Tanisha M. Fazal (Columbia): Why States No Longer Declare War. From Edge, Daniel C. Dennett on Leon Wieseltier on Steven Pinker: Pomposity can be amusing, but pomposity sitting like an oversized hat on top of fear is hilarious. Daniel Luzer on the lives of dictators’ wives: The fancy clothes and charitable works aren’t incidental — the dictator’s spouse is an important part of maintaining power. Tom Slee on Six Degrees of Omidyar: As I find out more about how venture capital can erode sharing and public commons, one name appears time and time again. Erik Voeten on academics, policy makers, blogs, and the trouble with op-eds. Tenured professors make worse teachers: A study finds undergrads fare better when taught by non-tenture-track faculty. Sports Illustrated is basically doing free investigative work for the NCAA and essentially reinforcing the power of the real abusers — the NCAA cartel that colludes to prevent players who generate millions of dollars for their schools from being paid for their services. Meet the encryption aficionados who know how to hide from the NSA's watching eye. Why does a fancy purse say “stay away from my man”? Charles Lister on sorting the good guys from the bad among Syria's rebels. Is Syria setting itself up for international prosecution? Colin Dickey reviews The Summits of Modern Man: Mountaineering after the Enlightenment by Peter H. Hansen. Maxed out on Everest: Mark Jenkins on how to fix the mess at the top of the world.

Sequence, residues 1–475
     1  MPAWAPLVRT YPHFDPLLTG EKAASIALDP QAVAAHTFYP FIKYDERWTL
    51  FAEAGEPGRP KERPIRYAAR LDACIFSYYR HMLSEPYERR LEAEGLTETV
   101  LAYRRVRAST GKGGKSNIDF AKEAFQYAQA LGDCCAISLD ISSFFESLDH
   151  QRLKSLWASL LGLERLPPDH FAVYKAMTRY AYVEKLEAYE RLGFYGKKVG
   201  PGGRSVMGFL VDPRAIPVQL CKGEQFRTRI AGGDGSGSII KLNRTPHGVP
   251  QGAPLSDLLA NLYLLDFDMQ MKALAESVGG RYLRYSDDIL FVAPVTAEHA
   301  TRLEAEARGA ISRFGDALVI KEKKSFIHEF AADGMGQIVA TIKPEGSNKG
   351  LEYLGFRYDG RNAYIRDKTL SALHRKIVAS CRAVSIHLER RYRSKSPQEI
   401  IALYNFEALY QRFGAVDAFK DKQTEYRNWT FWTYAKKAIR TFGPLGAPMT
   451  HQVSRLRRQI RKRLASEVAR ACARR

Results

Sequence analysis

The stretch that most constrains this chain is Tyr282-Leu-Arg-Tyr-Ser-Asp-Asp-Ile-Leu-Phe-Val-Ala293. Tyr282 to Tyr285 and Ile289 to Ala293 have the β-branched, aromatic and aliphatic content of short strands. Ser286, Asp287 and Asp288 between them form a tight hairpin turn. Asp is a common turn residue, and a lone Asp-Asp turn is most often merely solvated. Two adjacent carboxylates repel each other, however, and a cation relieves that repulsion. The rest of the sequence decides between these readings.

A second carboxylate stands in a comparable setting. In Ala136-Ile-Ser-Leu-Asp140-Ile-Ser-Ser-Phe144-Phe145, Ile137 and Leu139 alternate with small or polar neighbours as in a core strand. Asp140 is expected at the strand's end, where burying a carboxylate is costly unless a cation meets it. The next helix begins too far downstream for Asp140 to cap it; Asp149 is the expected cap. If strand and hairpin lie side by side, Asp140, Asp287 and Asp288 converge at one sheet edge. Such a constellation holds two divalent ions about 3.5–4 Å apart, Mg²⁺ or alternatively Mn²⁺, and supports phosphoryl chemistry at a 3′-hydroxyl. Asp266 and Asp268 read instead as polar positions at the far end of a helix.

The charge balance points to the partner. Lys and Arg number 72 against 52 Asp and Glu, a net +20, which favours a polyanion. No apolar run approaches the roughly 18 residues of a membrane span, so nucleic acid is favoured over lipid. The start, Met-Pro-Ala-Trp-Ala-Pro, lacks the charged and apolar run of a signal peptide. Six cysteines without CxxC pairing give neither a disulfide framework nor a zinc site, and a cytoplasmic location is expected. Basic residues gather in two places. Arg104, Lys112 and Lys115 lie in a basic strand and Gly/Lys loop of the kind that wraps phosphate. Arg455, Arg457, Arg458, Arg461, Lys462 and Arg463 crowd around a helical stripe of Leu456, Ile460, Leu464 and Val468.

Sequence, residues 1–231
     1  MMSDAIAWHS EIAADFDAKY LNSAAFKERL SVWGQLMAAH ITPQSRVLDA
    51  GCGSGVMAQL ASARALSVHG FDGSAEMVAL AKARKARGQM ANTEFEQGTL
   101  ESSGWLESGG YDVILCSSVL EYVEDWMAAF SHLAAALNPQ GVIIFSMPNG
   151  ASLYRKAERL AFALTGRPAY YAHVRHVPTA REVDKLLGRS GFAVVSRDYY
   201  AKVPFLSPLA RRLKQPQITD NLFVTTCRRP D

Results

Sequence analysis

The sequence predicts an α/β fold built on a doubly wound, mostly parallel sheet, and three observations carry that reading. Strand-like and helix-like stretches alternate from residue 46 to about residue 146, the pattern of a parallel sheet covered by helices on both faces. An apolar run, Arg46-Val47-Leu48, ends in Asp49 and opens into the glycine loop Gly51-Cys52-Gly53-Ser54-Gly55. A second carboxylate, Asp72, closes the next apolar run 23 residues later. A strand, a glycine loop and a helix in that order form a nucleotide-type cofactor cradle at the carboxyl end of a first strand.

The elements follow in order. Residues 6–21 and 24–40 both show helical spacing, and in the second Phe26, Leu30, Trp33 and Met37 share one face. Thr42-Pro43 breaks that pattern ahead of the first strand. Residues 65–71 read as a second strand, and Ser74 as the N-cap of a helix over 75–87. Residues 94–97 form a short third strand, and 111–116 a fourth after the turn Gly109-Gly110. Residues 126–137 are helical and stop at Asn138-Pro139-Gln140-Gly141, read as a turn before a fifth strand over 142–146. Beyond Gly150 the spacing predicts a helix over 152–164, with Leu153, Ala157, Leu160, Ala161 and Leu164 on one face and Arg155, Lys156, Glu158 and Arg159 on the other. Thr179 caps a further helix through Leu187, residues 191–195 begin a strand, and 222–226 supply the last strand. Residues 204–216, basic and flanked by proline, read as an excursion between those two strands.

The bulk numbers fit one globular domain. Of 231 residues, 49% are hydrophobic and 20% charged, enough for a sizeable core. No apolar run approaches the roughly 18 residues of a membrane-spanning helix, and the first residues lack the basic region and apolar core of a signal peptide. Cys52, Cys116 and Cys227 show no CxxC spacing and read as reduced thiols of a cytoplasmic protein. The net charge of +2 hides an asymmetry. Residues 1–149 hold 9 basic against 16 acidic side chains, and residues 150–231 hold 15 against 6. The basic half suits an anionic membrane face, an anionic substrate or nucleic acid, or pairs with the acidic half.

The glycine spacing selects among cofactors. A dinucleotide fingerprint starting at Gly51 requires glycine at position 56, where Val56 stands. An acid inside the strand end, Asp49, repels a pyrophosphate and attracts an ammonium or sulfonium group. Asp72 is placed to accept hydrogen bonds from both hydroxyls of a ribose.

Facundo Alvaredo and Anthony B. Atkinson (Oxford), Thomas Piketty (PSE), and Emmanuel Saez (UC-Berkeley): The Top 1 Percent in International and Historical Perspective (and more). From Distilled, David Cichon on how we learned to stop worrying and love capitalism; and Daniel Baker on how Wall Street probabilities aren’t just flipping coins; on technocracy after Reinhart Rogoff: This was not just a spreadsheet error; on why Big Data will not solve macroeconomics; and on refuting Greg Mankiw: Why his critique of the Great Gatsby Curve fails under scrutiny. Kitty Stewart reviews The Body Economic: Why Austerity Kills by David Stuckler and Sanjay Basu. Mariana Mazzucato on the myth of the “meddling” state: The truth is that from Silicon Valley to Singapore, innovation relies heavily on state funding — it’s time for the private sector to give something back (and more and an excerpt from The Entrepreneurial State: Debunking Public vs. Private Sector Myths). How do people work together at all? Tim Harford on a story of two researchers, Garrett Hardin and Lin Ostrom, who attacked the question in very different ways — and with very different results. The Coase Theorem is widely cited in economics — Ronald Coase hated it. John Cassidy on Ronald Coase and the misuse of economics. Leo Charbonneau on how Marina Adshade has attracted international attention by turning the dismal science into something sexy. What is economics good for? Alex Rosenberg and Tyler Curtain wonder (and a response).